Fisher v. United States, 129 F. Supp. 759 (D. Mass. 1955)
March 30, 1955
UNITED STATES of America.
United States District Court, D. Massachusetts.
Withington, Cross, Park & McCann, Edward C. Park, Charles E. Gennert, Boston, Mass., for plaintiff.
Anthony Julian, U. S. Atty., Arthur I. Weinberg, Asst. U. S. Atty., Boston, Mass., for defendant.
FORD, District Judge.
Plaintiffs in this action, the widow and the executors under the will of Russell *760 T. Fisher, seek to recover income taxes alleged to have been illegally assessed on amounts received in the year 1951 by Pansy W. Fisher, widow of Russell T. Fisher, which she contends were gratuitous payments made to her.
Russell T. Fisher had been for many years president and secretary of the National Association of Cotton Manufacturers until his retirement due to illness in 1950. In the year preceding his retirement, his compensation, attached to the office of secretary, was at the rate of $20,000 per year. Subsequent to his retirement, on November 3, 1950, the Board of Government of the Association adopted the following resolution:
"Voted: That Mr. Russell T. Fisher's retirement compensation be and hereby is set at the rate of $8,000 per annum for the period from October 1st, 1950 to October 1st, 1951 * * *."
Accordingly, Mr. Fisher was paid the sum of $666.66 each month until his death on April 24, 1951.
On June 15, 1951, at the next meeting of the Board of Government following Mr. Fisher's death, the Board adopted resolutions paying tribute to Mr. Fisher's years of service, and then passed the following resolution:
"Voted: That the Treasurer is hereby authorized to pay to Mrs. Russell T. Fisher the sum of $666.66 per month for the months of May through September, inclusive, 1951, this being the balance of the retirement compensation voted by the Board of Government to Mr. Fisher on November 3, 1950."
These payments were made to Mrs. Fisher in the total amount of $3,333.36. Mrs. Fisher in the income tax return for 1951 filed jointly with her deceased husband's estate did not report this sum as income, although in an attached statement she gave information as to its receipt. The Internal Revenue Service later determined this amount to be taxable income, and assessed an additional tax which she paid and now seeks to recover, on the ground that the payments to her were a non-taxable gift under the provisions of 26 U.S.C.A. § 22(b) (3).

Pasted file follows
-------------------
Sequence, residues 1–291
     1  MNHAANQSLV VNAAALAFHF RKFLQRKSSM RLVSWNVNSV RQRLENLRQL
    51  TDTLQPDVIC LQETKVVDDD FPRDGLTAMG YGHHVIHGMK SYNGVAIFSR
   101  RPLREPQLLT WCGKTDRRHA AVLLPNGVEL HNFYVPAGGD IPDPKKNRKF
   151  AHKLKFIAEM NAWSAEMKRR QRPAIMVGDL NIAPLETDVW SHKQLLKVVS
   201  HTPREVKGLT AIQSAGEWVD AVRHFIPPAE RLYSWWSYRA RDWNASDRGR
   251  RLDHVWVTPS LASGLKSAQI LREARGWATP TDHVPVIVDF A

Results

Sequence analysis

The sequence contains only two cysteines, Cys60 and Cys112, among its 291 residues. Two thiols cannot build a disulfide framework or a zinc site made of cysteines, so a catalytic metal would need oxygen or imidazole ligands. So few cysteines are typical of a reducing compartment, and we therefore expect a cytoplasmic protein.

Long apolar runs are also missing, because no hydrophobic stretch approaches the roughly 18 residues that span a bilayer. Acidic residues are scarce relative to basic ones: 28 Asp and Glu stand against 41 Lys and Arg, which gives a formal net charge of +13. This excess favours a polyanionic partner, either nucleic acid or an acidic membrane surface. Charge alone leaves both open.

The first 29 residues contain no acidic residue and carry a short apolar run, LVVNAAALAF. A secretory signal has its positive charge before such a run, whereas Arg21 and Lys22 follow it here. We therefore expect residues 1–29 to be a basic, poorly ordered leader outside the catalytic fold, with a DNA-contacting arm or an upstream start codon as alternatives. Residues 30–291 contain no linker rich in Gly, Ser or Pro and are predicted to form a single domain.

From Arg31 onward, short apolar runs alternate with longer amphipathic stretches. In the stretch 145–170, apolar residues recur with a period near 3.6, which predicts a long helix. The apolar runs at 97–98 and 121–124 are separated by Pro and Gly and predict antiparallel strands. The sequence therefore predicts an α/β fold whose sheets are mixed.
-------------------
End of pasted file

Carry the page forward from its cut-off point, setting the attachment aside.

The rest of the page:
In the records of the Association the payments to Mr. Fisher in 1950 and 1951 under the resolution of November 3, 1950 were entered on payroll cards as salary in the same manner as his salary before retirement, and income tax withholdings were made therefrom. After his death the sums paid to Mrs. Fisher were entered on the same card. No tax withholdings were made from these payments, and the card bears a notation that counsel had advised that the Association was not required to make such withholdings. There was no evidence as to when or by whom this notation was made. The bookkeeper who made the payroll card entries testified that no one had ever given her any instructions as to how the payments to Mrs. Fisher were to be recorded. In the Association's Form 990 information return to the Internal Revenue Service for 1951, the payments to Mrs. Fisher were included in the total of one of the items representing wages or compensation paid during the year.
Mrs. Fisher herself was never employed by the Association either before or after her husband's death, and at no time did she herself render any service to the Association.
The National Association of Cotton Manufacturers is a voluntary trade association which is tax-exempt under 26 U.S.C.A. § 101. It has no stockholders or capital stock, and its income is derived from dues paid by its members, who are corporations or individuals within the cotton manufacturing industry. The Association is managed by an eighteen-member Board of Government elected annually.
William F. Sullivan is now the president and secretary of the Association, having been elected in 1950 to succeed Fisher. He presided at the meetings of the Board of Government on November 3, 1950 and June 15, 1951, and drafted the language of the resolutions adopted at those meetings. He testified that he himself at the time of the June 15, 1951 meeting did not have in mind the question *761 of whether the payments to Mrs. Fisher would be taxable income, or the question of whether they were intended to be a gift or compensation for Fisher's past services, and that there was no discussion of these questions by the Board of Government at that time. While Sullivan testified that he had considered Mrs. Fisher's economic situation in June, 1951, he did not state what that situation then was or what part it played in his decision.
The question here is whether the payments to Mrs. Fisher were a mere gift or gratuity and therefore non-taxable, or were compensation for the past services rendered by Fisher to the Association and hence taxable income to the recipient. This depends on the intention of the employer in making the payments. Fisher v. Commissioner of Internal Revenue, 2 Cir., 59 F.2d 192. A payment may be compensation for services if so intended by the employer even though the employer has already paid the compensation contracted for and is under no legal obligation to make any further payment. Old Colony Trust Co. v. Commissioner of Internal Revenue, 279 U.S. 716, 730, 49 S. Ct. 499, 73 L. Ed. 918; Bausch's Estate v. Commissioner of Internal Revenue, 2 Cir., 186 F.2d 313, 314. Cf. Wallace v. Commissioner of Internal Revenue, 5 Cir., 219 F.2d 855.